Italy taps German archaeologist to oversee Pompeii ruins
A German-born archaeologist has been chosen to be the next director of Pompeii, which is still revealing its ancient mysteries centuries after a volcanic eruption destroyed the Roman city and is one of Italy's most popular tourist sites.
Culture Minister Dario Franceschini announced Saturday that Gabriel Zuchtriegel won out over 43 other candidates for the job.
Zuchtriegel, 39, has been directing another ancient marvel in southern Italy, the state archeological park of Paestum and Velia. He took up that post after Italy in 2015 started considering foreign candidates for state museum directorships, a change intended to bring fresh ideas and leadership approaches to the cultural institutions.
The Culture Ministry noted that since 2020, Zuchtriegel also has held Italian citizenship.
Archeological digs in Pompeii's ruins have yielded amazing discoveries in recent years, and large swaths await further excavation. In early 2015, Zuchtriegel himself worked on a project involving the Pompeii area.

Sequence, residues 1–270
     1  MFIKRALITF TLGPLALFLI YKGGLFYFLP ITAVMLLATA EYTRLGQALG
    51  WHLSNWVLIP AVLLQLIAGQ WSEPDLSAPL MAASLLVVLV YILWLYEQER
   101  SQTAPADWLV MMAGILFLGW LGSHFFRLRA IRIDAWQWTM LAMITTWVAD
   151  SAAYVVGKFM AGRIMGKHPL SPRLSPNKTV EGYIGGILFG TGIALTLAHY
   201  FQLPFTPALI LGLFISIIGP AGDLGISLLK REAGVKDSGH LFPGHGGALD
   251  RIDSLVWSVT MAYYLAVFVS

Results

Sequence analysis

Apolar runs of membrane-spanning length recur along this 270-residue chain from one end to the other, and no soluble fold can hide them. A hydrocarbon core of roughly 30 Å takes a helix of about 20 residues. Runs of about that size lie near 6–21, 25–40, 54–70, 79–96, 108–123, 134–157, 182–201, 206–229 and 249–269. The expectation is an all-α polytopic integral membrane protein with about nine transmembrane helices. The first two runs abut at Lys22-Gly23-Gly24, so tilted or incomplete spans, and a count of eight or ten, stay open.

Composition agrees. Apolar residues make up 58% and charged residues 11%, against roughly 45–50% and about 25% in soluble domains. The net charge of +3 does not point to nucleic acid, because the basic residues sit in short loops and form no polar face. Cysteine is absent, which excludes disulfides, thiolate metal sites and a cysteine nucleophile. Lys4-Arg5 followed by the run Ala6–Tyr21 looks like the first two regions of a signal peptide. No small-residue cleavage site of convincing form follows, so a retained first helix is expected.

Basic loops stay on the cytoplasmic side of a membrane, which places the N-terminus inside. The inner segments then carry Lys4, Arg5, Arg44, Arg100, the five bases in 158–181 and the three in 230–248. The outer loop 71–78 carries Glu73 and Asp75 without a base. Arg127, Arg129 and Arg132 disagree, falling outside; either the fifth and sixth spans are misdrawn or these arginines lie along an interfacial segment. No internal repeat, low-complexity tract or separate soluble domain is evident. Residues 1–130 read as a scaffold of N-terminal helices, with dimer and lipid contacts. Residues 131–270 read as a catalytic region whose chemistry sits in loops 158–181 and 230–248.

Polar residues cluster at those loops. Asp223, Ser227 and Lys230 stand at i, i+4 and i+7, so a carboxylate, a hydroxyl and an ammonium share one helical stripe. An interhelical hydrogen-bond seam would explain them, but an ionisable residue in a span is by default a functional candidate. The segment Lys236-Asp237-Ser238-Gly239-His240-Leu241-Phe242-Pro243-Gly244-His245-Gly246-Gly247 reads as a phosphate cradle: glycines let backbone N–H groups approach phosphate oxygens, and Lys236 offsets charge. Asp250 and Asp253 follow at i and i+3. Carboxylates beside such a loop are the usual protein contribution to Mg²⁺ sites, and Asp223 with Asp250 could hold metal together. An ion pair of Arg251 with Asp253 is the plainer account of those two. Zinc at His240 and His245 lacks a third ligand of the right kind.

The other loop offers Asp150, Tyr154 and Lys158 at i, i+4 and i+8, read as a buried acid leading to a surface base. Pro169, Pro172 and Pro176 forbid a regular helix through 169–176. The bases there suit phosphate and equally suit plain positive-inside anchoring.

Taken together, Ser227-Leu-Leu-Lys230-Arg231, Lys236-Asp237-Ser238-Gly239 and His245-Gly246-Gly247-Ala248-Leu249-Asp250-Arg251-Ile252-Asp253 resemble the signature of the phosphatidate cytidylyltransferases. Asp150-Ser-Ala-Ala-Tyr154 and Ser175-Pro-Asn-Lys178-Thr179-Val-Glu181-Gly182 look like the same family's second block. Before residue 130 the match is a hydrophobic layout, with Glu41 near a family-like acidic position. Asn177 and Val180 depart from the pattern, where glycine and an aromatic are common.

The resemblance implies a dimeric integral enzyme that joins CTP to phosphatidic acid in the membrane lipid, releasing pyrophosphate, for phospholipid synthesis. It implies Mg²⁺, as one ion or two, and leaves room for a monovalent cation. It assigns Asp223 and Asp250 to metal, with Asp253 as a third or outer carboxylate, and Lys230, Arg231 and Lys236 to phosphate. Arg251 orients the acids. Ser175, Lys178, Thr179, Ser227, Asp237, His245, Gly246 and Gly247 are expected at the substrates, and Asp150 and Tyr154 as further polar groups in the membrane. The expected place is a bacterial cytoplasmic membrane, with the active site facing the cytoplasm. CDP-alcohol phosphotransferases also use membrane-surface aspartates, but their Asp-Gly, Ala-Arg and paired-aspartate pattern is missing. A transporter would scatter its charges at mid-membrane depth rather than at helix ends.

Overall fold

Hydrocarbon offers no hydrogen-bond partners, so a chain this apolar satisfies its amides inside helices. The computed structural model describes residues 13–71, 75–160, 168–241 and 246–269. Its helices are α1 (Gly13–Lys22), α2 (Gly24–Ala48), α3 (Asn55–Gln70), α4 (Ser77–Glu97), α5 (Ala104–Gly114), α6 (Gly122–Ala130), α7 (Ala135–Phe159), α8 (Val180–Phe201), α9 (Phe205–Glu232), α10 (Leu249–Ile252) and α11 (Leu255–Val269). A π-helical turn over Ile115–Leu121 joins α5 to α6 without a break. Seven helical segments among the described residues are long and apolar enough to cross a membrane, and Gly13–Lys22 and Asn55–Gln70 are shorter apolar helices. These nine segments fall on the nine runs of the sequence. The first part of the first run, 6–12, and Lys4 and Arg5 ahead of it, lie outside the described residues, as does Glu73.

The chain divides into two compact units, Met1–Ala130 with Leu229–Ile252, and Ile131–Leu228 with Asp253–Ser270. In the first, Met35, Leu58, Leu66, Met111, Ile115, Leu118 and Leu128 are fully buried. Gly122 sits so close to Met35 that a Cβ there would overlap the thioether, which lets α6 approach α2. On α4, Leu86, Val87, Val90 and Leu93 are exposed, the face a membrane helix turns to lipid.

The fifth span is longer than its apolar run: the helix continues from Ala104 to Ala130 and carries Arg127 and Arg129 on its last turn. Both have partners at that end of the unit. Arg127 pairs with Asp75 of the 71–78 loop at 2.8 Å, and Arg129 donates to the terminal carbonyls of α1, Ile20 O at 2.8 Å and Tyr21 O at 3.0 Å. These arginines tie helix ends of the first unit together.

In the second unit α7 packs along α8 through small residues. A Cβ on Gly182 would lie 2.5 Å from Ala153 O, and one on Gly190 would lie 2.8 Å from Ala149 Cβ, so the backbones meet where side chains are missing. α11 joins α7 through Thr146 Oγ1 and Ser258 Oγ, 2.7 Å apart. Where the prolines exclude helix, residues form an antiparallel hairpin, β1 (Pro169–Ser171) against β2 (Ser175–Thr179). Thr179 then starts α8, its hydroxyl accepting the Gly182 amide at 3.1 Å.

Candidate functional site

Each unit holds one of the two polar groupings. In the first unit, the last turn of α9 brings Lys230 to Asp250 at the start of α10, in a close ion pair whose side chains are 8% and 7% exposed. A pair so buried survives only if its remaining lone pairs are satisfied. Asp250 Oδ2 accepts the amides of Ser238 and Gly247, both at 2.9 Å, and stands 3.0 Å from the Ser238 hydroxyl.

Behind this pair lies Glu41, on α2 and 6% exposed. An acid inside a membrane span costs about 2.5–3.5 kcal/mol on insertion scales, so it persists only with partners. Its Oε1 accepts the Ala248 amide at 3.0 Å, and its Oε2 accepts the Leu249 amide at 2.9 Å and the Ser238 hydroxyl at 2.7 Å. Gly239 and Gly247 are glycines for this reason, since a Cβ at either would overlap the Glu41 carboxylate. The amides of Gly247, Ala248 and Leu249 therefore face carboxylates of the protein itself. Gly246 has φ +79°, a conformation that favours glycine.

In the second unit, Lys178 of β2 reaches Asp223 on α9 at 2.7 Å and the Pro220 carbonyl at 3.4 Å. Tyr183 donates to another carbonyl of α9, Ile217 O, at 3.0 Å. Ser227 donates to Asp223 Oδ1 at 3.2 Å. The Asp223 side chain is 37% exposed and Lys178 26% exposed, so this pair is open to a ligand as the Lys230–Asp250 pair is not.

He told Italian state RaiNews24 TV his new job will be "a great challenge."
The incoming director said Pompeii "is also a living place," referring to both recent exciting discoveries and the cultural events that are occasionally held at the archaeological park south of Naples, Italy.
Pompeii, a Roman city destroyed by the eruption of Mount Vesuvius in 79 A.D., has enjoyed a renaissance after falling on hard times. Parts of excavated sites crumbled from weather erosion and a lack of timely maintenance. Years of neglect and mismanagement had put Italy at risk of losing European Union funding.
But Italy embraced the challenge, making Pompeii safe for its visitors and preserving brilliantly hued frescoes and other unearthed wonders.
Pompeii is a superstar in the galaxy of Italian tourist sites. In 2019, the year before the COVID-19 pandemic gutted tourism in Italy, Pompeii attracted 4 million visitors.
© 2021 The Associated Press. All rights reserved. This material may not be published, broadcast, rewritten or redistributed without permission.